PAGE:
4 Reasons Why I Decided to Start Earning AMEX Rewards

I admittedly am a bit biased towards Chase Ultimate Rewards on this site — that is, up until now.

About 3 years ago now, when Chase had recently introduced their 100,000 point sign-up bonus on the Sapphire Reserve card, I dived head first into the miles and points game. And I wasn’t alone. I don’t know the exact numbers, but Chase has repeatedly said they may never be profitable from the card.

Which I’d argue has made them more profitable overall. Since that time, and since I’ve really started to focus on travel rewards and credit cards, Chase has seemed like the gold standard. Not just the Sapphire Reserve card, but their portfolio as a whole. And If you’ve read any of my blogs previously, you know I have fully invested in that theory as well.

So if one man’s wallet is any indicator, I would say Chase’s credit card department is doing just fine. And just because there is no 100,000 point sign-up bonus anymore, does not mean you should avoid, or think you need to go elsewhere for a credit card.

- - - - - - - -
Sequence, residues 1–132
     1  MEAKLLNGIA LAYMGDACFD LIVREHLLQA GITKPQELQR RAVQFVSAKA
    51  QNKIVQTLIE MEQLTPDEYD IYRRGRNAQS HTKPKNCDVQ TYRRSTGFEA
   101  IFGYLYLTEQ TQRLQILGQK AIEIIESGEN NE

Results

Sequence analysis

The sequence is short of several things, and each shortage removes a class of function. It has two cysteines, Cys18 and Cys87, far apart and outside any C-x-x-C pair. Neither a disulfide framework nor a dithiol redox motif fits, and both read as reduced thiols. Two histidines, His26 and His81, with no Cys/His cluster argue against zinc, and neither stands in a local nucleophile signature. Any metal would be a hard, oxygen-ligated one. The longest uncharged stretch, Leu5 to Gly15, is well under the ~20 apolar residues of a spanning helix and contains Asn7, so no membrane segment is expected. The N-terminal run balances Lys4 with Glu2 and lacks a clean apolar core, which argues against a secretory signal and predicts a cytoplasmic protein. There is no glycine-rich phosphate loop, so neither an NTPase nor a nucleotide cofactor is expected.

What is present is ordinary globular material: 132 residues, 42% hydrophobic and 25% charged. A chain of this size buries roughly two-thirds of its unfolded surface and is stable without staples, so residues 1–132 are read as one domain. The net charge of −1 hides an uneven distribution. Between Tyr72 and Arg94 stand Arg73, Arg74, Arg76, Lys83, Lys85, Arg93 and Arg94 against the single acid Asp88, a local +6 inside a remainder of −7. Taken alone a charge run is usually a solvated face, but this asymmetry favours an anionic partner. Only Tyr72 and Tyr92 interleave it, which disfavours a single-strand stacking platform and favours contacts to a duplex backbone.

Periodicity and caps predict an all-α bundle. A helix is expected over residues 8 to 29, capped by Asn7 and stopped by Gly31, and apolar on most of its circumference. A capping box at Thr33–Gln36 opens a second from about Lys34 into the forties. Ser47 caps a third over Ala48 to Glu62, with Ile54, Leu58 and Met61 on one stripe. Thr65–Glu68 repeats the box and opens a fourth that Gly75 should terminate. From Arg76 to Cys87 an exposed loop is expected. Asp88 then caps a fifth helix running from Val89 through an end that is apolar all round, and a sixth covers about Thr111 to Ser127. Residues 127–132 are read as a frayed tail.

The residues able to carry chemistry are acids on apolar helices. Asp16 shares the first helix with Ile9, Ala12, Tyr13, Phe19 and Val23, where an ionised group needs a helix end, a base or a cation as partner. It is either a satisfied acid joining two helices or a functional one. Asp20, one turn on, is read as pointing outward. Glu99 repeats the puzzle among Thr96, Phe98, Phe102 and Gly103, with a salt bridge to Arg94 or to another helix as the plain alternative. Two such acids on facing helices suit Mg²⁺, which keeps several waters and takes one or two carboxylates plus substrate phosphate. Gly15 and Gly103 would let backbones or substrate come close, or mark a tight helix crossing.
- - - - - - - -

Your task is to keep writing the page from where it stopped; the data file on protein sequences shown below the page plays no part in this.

With all of that being said, I have decided recently to expand my portfolio a bit. In other words, I have decided to start earning a credit card currency other than Ultimate Rewards.

Basics of the AMEX Membership Rewards program

I would say that Chase is the “it” credit card currency to have. As I mentioned, ever since the introduction of the Sapphire Reserve, it has been all the “millennial” world (myself included) can talk about (huff). But I think AMEX Membership Rewards have unfortunately fallen to the wayside — for no real reason at all, more or less just a sign of the times (dang millenials).

But as the dust settles a bit, I have found myself intrigued with the Membership Rewards program more and more. And while it’s hard to admit that I maybe just want the opportunity to earn more sign-up bonuses, and get new cards in my wallet, that definitely has a lot to do with it.

So before I go into the reasons why I think Membership Rewards are worth going after, let’s first look at some basics about the program.

American Express has a wide array of both credit and charge cards, as well as cards that earn both cashback and points. Without naming them all, these are a few of the more popular cards.